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The Remarkable Growth of US Sports Betting Last Year

Las Vegas Sports Betting Board

It won’t surprise anyone to learn that the sports betting industry is growing – and growing fast – in the United States. Since the Supreme Court took the momentous decision in 2018 to allow individual states to determine their own sports betting laws, there’s been a rush for many state legislators to get bills in place to permit legal (online and in-person) sports betting. Of course, not every state is moving forward on this, and a handful might never bring it in at all.  

But because so many states have legalized gambling, we are now in a period where US sports betting is booming like never before. A few weeks ago, we witnessed March Madness, often cited as the biggest betting event in the world. A record $3.1 billion was bet on the college basketball spectacular, more than double the amount from 2021. To stress, however, this is the official ‘legal’ total. Much more would have been wagered that is not accounted for. By that, we don’t mean strictly illegal wagers made in backrooms. For instance, many US bettors use off-shore online betting accounts, which tend to operate in a legal gray area.  

The number of regular bettors more than doubled last year 

Nonetheless, we see a huge surge in the sector, fueled, in part, by America’s unique relationship with college sports. One study suggested that the number of bettors who place wagers regularly in the US rose from 5% in 2020 to 12% in 2021. That’s an astounding figure in a short space of time. Of course, it also leads to questions about responsible gambling. But there is a sense that the US is simply catching up with the rest of the world, particularly those ‘mature’ gambling markets like the United Kingdom.  

Comparisons with the UK, which moved to liberalize its gambling laws with the 2005 Gambling Act, are important because it demonstrates how sports betting creates its own economic ecosystem. For instance, for the current Premier League season, half of the soccer clubs have a ‘betting partner’, acting as a sponsor, often with a logo emblazoned on the official team jersey. Stadiums, too, can be sponsored by betting firms. Sports media and articles in national newspapers are often supported by betting firms. In short, the betting industry has become part of the wider sports industry.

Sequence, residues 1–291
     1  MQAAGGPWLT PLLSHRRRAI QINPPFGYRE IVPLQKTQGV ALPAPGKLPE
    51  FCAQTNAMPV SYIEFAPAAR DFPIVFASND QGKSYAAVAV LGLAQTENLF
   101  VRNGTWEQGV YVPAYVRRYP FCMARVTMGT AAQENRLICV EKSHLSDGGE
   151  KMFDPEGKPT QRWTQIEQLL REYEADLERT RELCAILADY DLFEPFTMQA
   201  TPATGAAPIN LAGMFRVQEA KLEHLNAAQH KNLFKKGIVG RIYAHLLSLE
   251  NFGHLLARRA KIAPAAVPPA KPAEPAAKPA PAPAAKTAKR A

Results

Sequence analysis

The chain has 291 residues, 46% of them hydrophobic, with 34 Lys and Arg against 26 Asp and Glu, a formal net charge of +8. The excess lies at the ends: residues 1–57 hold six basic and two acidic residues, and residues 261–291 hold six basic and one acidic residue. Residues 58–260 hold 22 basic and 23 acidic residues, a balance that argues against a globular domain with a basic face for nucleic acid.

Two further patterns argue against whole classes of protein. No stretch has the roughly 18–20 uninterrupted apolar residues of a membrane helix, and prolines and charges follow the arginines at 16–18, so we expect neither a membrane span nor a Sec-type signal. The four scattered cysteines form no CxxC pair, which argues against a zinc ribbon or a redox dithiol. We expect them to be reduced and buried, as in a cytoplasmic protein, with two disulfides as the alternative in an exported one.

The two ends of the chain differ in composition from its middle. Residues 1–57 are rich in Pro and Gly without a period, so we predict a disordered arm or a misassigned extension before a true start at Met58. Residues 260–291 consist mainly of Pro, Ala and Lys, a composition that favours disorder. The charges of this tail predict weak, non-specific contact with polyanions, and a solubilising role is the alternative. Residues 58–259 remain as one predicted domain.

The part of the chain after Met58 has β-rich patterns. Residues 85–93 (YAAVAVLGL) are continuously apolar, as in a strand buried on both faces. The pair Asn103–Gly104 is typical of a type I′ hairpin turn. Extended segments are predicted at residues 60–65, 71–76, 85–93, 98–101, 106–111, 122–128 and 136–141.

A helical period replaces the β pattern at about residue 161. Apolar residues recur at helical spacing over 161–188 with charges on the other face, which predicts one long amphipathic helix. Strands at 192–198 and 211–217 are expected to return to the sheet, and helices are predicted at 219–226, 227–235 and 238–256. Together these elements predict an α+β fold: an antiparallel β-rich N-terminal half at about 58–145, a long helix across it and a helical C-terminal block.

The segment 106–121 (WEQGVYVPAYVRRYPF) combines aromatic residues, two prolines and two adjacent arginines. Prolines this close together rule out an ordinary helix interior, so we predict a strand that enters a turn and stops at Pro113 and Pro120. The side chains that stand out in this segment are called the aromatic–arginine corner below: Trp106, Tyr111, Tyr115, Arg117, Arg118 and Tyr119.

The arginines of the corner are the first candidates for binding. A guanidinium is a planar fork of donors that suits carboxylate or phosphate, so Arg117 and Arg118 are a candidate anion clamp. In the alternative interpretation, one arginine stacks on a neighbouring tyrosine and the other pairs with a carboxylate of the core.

Slowly but surely, we are starting to see that in the US too. Of course, we won’t expect to see the Oklahoma Sooners players running out onto the field with “DraftKings” emblazoned on their jerseys anytime soon, as there are both legal issues and traditions to take account of, but it’s enough to say that big names like BetMGM and Caesars have followed the UK model by becoming the “betting partners” of US sports teams and franchises. BetMGM signed deals with NBA, NHL, and MLB, whereas Caesars struck a deal with the NFL.  

Sports betting advertising has surged dramatically 

Of course, the changes are also seen in the traditional advertising arena, particularly television. One study shows that ad spending increased from $292 million in 2020 to over $700 million last year. Again, it’s an enormous increase in a relatively short time period. And most analysts believe that it will keep rising in 2022. 

It’s worth stressing that the various levels of legality on sports betting from state to state mean that the market is never going to be a free for all. Sports betting operators must fine-tune their products to meet the regulatory compliance of each state. For example, some require that an online operator must also have a physical premise within the state jurisdiction. But many have found workarounds.  

In the end, the industry is still going to face many challenges. States are looking at sports betting as a means to earn tax revenue, but there has also been a surge in bettors using off-shore websites (they can use VPNs to access them). Moreover, the rise in cryptocurrency gambling (again, we are talking off-shore) has several problems, not least due to the fact the operators are not bound by standard safety laws for bettors.  

It’s almost inevitable that we will see this growth continue. Yes, some states, notably Utah, might never allow sports betting. But the consensus is that those mulling over the issues now will eventually join the likes of Pennsylvania and New Jersey in offering relatively liberal gambling laws. For operators, it’s boom time, and it will change our relationship with sports irrevocably.  

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